Why is the iconic scene of Snow White sleeping in a coffin absent from the ride at Disneyland? How was Walt Disney portrayed by the media during his lifetime? What was it like to be the first female Jungle Cruise skipper?
Underlying Cal State Fullerton’s nationally ranked academic programs is a culture of curiosity that has inspired several faculty members and students to explore questions like these through scholarly research. The Disney-related research, they say, fuels their passions, helps them think critically about one of the world’s leading companies and uniquely positions them for success in their careers.
It’s a Jungle Out There
When David John Marley, a lecturer in history, took his first ride on Disneyland’s Jungle Cruise at the age of 7, he knew he wanted to be a skipper one day.
His wish came true when he joined Disney’s cast upon completing his master’s degree in history at Cal State Fullerton, and again after he completed his doctorate in history at George Washington University.
“I liked it because you could tell jokes and be as obnoxious as you wanted to be,” says Marley, who entertained guests in Adventureland for more than three years. “It was the wildest, funnest place to work.”
Combining his passions for history and all things Disney, Marley recently authored “Skipper Stories: True Tales From Disneyland’s Jungle Cruise,” the first oral history of a specific Disneyland attraction. The book features interviews with dozens of skippers from the 1950s to the present, and a second volume is in the works.
“Every skipper I know has stories of working at Disney on holidays, dealing with celebrities and the wild pranks they pull,” says Marley.
Marley, who also spent one summer crafting jokes in the Jungle Cruise writers’ room, is a member of the Hyperion Historical Alliance. The group of scholars works with the Walt Disney Co. to archive its history.
“Walt Disney impacted America more than any other nonpolitician in the 20th century. He changed how we vacation, how we think about art and science, and much more,” says Marley. “I never thought studying Disney was something you could do as academic work. Otherwise, I would have started on it a lot earlier.”
An Artist’s Life
When Sofia Pierantoni was considering which college to attend, Cal State Fullerton’s animation program stood out among the others. Mentored by professors with years of industry experience, she has gained confidence in her animation and illustration skills, as well as in her own ideas.
Her senior project for the University Honors Program analyzed five Disney rides: Alice in Wonderland, Snow White’s Scary Adventures, Pinocchio’s Daring Adventure, Peter Pan’s Flight and The Little Mermaid – Ariel’s Undersea Adventure. Comparing scripts of the original animated films with play-by-plays of the theme park attractions, Pierantoni sought to discover how to translate a 60- to 90-minute movie into a three- to six-minute ride.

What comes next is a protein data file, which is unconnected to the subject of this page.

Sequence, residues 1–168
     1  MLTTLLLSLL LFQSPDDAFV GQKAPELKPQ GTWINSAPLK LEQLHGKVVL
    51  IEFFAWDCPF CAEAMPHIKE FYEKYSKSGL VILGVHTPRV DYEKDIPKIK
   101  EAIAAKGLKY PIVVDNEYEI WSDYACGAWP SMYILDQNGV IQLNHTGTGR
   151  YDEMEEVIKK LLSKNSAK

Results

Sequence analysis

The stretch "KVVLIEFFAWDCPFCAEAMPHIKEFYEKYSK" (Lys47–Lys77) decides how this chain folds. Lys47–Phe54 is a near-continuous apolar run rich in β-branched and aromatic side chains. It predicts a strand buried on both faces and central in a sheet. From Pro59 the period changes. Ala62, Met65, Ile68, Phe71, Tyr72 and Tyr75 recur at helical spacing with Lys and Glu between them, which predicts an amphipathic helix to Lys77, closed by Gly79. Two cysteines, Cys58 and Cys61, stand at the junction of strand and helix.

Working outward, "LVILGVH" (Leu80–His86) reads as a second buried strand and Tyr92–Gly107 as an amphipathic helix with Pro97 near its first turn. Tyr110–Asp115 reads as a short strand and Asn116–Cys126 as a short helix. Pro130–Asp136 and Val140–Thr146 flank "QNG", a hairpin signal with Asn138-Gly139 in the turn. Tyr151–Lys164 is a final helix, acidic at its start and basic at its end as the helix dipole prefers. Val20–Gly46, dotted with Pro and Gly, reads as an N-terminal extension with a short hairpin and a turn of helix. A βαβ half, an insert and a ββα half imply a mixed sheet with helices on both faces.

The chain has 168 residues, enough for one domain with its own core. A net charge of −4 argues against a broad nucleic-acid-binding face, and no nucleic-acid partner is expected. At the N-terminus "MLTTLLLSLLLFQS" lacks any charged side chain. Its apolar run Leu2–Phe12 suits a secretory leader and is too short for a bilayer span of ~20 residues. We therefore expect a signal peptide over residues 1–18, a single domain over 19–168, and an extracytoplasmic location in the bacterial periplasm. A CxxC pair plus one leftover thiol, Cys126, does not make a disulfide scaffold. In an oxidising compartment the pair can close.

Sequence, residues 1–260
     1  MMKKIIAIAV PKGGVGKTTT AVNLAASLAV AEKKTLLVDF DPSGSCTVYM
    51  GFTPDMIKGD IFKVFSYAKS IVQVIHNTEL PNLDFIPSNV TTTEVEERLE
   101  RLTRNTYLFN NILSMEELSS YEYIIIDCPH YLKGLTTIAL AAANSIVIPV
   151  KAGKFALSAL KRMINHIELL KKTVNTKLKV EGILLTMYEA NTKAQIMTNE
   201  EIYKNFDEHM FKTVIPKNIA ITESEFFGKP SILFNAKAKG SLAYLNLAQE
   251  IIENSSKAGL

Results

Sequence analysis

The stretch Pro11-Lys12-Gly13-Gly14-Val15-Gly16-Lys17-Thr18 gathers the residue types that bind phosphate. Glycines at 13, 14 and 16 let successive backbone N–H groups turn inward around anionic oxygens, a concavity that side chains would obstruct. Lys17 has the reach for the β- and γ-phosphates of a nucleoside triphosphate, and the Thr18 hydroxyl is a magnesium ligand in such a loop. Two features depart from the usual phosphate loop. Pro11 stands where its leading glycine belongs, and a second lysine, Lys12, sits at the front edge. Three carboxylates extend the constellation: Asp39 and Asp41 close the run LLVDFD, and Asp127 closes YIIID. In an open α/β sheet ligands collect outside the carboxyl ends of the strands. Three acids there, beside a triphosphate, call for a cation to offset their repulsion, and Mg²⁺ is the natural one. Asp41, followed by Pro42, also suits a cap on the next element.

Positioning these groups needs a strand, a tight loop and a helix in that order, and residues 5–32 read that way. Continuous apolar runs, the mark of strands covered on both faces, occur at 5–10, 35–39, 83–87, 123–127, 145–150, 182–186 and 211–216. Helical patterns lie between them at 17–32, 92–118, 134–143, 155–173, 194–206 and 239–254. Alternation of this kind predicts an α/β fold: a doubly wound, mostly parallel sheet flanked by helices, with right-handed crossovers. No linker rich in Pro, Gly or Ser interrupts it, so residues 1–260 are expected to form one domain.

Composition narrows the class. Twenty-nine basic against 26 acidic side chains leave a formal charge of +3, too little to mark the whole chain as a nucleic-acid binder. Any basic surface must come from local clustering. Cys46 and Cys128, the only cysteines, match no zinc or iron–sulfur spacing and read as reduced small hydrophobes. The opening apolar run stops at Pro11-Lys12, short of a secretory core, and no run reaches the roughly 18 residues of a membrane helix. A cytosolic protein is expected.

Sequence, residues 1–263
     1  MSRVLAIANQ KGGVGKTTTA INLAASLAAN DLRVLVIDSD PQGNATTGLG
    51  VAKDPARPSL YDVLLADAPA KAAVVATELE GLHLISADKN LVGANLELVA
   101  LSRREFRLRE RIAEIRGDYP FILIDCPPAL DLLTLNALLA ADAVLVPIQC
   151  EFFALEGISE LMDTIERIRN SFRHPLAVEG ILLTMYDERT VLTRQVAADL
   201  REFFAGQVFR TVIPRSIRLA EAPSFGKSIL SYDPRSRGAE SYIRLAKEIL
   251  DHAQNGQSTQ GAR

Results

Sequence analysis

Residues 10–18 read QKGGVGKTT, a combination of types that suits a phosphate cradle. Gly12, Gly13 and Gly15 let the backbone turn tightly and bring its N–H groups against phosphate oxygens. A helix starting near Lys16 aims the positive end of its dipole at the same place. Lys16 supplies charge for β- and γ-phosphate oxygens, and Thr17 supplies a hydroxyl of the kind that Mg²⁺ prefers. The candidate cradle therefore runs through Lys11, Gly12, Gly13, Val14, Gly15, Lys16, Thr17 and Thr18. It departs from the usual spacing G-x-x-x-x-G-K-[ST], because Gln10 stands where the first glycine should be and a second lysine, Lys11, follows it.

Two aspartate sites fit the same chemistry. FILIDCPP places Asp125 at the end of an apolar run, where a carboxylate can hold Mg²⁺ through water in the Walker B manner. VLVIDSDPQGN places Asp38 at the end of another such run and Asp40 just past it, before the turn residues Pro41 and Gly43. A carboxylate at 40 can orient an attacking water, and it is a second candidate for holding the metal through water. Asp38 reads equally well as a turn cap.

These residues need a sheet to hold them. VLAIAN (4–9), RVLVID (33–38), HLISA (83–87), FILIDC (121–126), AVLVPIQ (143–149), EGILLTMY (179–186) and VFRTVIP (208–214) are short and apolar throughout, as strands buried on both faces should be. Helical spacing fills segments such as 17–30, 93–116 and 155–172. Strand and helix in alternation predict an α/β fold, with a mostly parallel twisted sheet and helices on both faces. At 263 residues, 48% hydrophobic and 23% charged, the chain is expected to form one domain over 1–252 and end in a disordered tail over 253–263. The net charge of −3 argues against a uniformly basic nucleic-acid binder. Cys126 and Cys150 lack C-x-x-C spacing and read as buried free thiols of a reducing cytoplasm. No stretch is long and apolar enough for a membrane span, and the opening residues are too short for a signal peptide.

“The research helped me understand how to tell a story through a ride,” explains Pierantoni, who graduated in May and joined Disney as a cast member.
Alongside her research, Pierantoni led a CSUF team in the 2016 Disney Imaginations Competition. The team was one of 66 semifinalists among 336 teams across the United States.
She aspires to work for Disney Imagineering.
Parks and Management
When he’s not on campus, business administration major Thomas Metzger can be found at Disney California Adventure, where he works as an attractions host. Metzger credits the Mihaylo College of Business and Economics with confirming his interest in pursuing a career in theme park operations. In one of his favorite classes, Entertainment Operations, students learn the ins and outs of managing theme parks, hotels and the production of movies, television and music.
“I really enjoyed that class because you gain an understanding of what it’s really like to work in the entertainment and tourism industry,” he says.
Metzger’s senior thesis project for the University Honors Program will focus on “The Effects of Sponsors on Disney Park Attractions.”
“I knew for my honors project that I wanted to study something related to my degree and something I am passionate about,” says Metzger. “Disney is the leader in the entertainment industry, so it’s important to study what they’ve done and what they are continuing to do.”
Andi Stein, professor of communications, created Cal State Fullerton’s first Disney course in 2004: Deconstructing Disney. Offered every other year, the graduate- level class examines the influence of the Walt Disney Co. through group discussions, guest lectures from Disney experts and research projects.
“Every time I teach it, the class fills up,” says Stein, who is working to develop an undergraduate version of the class.
Stein, who has been studying the Walt Disney Co. for two decades, is the author of “Why We Love Disney: The Power of the Disney Brand.” Her research has taken her to all 12 Disney theme parks and most recently to the grand opening of the Shanghai Disney Resort.
“We’re in the heart of Disney country,” she says. “The studio is not that far away, the park is here, and many people have grown up with Disneyland as their backyard.
“Students at CSUF have the opportunity to dream about working for Disney in ways that other people have not. It’s natural for us to help prepare them for those careers.”